The beta program of my new startup, Maildown, is now complete and is now accepting paying customers:
As well as a lot of stability enhancements, we've added a new help system, a new CLI (https://github.com/chris104957/mailer-cli) and a REST API.
Maildown lets you create transactional and marketing email campaigns using Markdown syntax, so you can generate and send your email content far more quickly than with traditional WYSIWYG editors.
Thanks for looking,
If a new competitor enters this market that competitor will have to solve this problem again without being able to provide an additional benefit to customers.
So, building your own email delivery infrastructure - even if by merely using existing cloud-based infrastructure such as AWS SES - might prove to be an uphill battle.
It might still be worth it though in order to remain independent of third parties.
Why would they need to compete equally with Mailchimp?
Edit: I am currently unable to verify an email address with a "+" in it, as well.
Maybe you can simplify one of these approaches for normal users:
(I should note that there is a platform that offers something similar to this already: https://buttondown.email/)
But while Markdown on its own is great to see more of in the email space, I think there's room to extend the idea. A few years ago, an employee of CakeMail created this great demo of a concept that mixed shortcodes and Markdown, but never followed through with the idea: http://cakedown.alexandredeschamps.ca/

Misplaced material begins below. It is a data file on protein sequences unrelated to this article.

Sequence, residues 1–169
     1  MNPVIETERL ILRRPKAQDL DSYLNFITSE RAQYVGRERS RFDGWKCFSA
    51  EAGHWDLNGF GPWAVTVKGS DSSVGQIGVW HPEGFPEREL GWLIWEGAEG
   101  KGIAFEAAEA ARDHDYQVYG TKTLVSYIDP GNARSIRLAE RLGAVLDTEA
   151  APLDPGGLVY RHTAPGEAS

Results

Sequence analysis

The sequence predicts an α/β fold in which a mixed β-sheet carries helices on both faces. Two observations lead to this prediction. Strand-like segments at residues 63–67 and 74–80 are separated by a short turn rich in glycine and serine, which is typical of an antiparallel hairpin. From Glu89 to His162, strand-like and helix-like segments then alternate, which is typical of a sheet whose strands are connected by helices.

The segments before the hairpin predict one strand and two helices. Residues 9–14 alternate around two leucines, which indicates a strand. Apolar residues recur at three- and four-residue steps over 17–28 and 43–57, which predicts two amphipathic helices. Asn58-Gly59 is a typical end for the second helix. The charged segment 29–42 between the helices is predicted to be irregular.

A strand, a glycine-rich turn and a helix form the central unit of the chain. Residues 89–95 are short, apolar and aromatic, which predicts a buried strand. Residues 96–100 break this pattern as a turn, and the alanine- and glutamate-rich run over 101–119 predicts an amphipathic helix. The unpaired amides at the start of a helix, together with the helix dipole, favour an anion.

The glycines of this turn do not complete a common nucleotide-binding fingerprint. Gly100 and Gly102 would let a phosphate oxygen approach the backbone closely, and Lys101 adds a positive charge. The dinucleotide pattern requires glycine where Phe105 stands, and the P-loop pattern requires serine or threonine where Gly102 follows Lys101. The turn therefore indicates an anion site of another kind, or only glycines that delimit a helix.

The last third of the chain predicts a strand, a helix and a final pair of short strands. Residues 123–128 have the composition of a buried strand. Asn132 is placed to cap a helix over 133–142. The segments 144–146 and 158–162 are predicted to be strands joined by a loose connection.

Part of the problem with that design was that it was built around specific components in Foundation for Emails, which kinda backed that design in a corner, but there's room to allow end users to custom-build components for easy access, along the lines of what MJML can do. To me, I think that idea has a ton of blue water around it. Nobody is combining shortcodes and Markdown in this way for email clients, and it could potentially be very valuable as an alternative to the overly complex WYSIWYG editors the rest of the email market uses.
I run a newsletter with 10k+ subscribers (https://tedium.co/) and I run it on Craft CMS in a way that replicates the CakeMail approach to a degree, with my own flourishes (which was convenient as I already use shortcodes for my text). It allows me to throw in ads on the fly and simply add design features to content without a lot of extra work. I'd love to see the general idea get picked up by some new email provider.
I think we need more thinking in this direction, because a lot of email tools are built for marketing, which means that editorial concerns get short shrift. I could see stuff like this making a lot of sense for the growing editorial newsletter market if it's handled the right way.
Ultimately emails are rendered using Django HTML templates, and it supports most of the Django template syntax. I'm thinking there is probably way more that Maildown could exploit here to give it the ability to create richer content within emails
I also miss a lot of information. How do you prevent ending up in spam boxes? Which templates to choose from? What can be configured, what not? Etc.